Tuesday, April 16, 2024
HomenewsRobson Valley connection to Zimbabwe Health

Robson Valley connection to Zimbabwe Health

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Ray helping out with a wellness clinic for a school that takes care of 600 orphaned and at risk children. We have been a part of helping with this clinic since we started our work in Zimbabwe. It is run over the course of a few days and a lot of community members attend it as well./ SUBMITTED

By Andrea Arnold

Dr. Ray Markham and his wife Allison of Valemount are looking forward to once again returning to their home country, Zimbabwe, and providing another wave of medical support by way of supplies, training and short term manpower.

The pair began their adventure by sponsoring Canadian Susan Janetti, a missionary with the Evangelical Free Church of Canada, through the Zimbabwe Gecko Society. Janetti and her brother Frank founded the Society in 2008, and began with Frank sending handmade wire-beaded-geckos made by street children back to Canada where Susan would collect donations for them and return the money back to Zimbabwe so the children could buy food.

This simple idea has grown to allow the society to support grassroots projects in Zimbabwe, supporting local communities as they build infrastructure, and learn skills so they can support themselves and have a healthy future.

Janetti wanted to expand the Society to also include a medical support element, and in 2014, the Markhams made their first trip to Zimbabwe. 

Since that first trip, the Markhams have been working to build a medical support system for the Gecko Society. In 2022 they established the ZimCan Health Society to work in a partnership with the Gecko Society.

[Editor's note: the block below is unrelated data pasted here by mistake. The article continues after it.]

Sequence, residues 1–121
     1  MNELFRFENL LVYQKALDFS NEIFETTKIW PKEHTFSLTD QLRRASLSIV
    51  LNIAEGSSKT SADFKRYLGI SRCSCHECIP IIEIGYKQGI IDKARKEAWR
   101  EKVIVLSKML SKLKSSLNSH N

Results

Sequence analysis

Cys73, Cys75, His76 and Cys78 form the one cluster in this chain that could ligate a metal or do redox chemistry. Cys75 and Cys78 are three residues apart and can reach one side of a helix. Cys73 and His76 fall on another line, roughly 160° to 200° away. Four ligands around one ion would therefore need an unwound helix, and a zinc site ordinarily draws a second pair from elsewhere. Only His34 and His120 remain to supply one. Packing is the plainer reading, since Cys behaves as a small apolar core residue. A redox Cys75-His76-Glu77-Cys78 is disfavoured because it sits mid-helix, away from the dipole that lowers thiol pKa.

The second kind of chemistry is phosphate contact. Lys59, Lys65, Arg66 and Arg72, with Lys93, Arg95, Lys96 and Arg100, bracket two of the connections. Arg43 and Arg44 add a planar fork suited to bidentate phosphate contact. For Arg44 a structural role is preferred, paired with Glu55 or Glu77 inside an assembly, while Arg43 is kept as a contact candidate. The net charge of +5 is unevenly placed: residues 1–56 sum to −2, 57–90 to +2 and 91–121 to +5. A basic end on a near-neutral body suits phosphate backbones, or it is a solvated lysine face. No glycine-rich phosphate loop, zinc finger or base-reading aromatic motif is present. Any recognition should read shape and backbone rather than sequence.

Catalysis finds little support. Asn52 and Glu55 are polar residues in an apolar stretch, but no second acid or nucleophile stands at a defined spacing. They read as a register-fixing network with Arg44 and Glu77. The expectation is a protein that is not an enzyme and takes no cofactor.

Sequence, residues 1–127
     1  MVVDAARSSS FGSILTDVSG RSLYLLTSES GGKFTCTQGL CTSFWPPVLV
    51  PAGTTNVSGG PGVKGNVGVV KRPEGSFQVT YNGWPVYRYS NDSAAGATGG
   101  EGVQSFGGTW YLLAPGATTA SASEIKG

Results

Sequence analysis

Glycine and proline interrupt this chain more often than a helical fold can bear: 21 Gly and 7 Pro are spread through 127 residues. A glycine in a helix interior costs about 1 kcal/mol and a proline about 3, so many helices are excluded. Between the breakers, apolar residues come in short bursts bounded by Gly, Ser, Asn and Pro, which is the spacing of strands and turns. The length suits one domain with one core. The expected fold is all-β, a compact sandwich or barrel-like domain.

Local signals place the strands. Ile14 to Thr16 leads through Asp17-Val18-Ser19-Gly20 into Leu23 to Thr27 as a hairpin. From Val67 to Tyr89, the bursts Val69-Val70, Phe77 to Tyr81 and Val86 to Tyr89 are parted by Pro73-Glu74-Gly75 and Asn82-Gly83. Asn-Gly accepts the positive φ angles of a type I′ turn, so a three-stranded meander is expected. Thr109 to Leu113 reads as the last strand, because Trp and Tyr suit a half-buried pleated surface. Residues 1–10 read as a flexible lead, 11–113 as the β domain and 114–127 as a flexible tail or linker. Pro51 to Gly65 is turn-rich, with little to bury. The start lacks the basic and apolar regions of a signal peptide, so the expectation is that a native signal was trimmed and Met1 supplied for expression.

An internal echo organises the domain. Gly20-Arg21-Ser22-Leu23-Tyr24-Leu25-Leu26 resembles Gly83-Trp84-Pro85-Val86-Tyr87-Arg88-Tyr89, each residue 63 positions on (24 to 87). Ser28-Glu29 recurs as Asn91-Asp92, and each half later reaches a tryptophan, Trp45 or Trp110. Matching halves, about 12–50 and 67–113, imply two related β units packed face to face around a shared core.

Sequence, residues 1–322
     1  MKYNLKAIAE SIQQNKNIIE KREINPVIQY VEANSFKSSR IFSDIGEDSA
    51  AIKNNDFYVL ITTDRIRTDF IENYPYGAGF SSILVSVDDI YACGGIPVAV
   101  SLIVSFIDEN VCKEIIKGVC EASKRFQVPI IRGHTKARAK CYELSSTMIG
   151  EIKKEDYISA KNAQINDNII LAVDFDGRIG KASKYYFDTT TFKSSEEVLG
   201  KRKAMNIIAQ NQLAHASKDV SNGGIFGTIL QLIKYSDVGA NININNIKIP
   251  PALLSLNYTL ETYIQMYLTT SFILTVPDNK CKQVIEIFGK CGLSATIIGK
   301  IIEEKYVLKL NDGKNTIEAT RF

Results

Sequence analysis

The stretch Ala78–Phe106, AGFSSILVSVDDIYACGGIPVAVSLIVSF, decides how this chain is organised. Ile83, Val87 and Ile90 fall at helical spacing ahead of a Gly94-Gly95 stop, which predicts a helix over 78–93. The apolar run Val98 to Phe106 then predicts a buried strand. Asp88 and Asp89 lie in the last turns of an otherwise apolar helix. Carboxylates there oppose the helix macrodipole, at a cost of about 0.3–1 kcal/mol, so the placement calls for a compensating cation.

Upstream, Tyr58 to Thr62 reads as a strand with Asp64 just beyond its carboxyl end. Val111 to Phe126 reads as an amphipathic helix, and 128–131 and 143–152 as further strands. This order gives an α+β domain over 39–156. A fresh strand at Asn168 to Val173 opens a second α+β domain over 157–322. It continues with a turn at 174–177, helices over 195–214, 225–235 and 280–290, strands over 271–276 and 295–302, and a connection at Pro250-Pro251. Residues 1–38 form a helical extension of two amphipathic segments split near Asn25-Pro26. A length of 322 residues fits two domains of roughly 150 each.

The Markhams have often travelled with teams of medical students from UBC through their Global Health Elective program. The students spend several weeks serving in a variety of roles. 

“It gives the students an opportunity to experience what medical service is like in a high-volume, low-resource setting,” said Dr. Markham.

One of the first big technological contributions to the Zimbabwe medical services that the Markhams were a part of was the implementation of an electronic records system.

“The clinic here in Valemount was already using it, and a group of staff from here travelled over to train the staff on location,” said Dr. Markham.

The Gecko Society sends equipment and supplies by shipping containers from Canada, and this January, the containers contained four new x-ray machines.

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Students on a previous trip unpacking medical supplies that we had brought over to Zimbabwe. /SUBMITTED

According to Dr. Markham, the need for x-ray machines is great. Many clinics and hospitals do not have them, but they do have ultrasound machines. 

“During this next trip, I will be teaching physicians and nurses how to use the point of care ultrasound as a diagnostics tool (when there is no access to x-ray),” said Dr. Markham. 

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A day in the Point of Care Ultrasound course that we put on for the University of Zimbabwe Family Practice residents. /SUBMITTED

There is also a significant shortage of specialized doctors in the country. The Markhams say that up until just a few years ago, there were only three family physicians in the whole country, populated with over 16.5 million people. It was only recently that the country recognized the need and has begun providing the training for that specific specialization. The Markhams have included practicing family physicians in their teams to act as instructors for the training.

Their upcoming trip in March will unfortunately be a shorter trip, as Dr. Markham is needed here in the valley, but they have planned a very intense itinerary.

They plan to travel to the capital city of Harare. From there they will travel to the outlying areas of the country to help with projects in progress, as well as assess needs for future projects.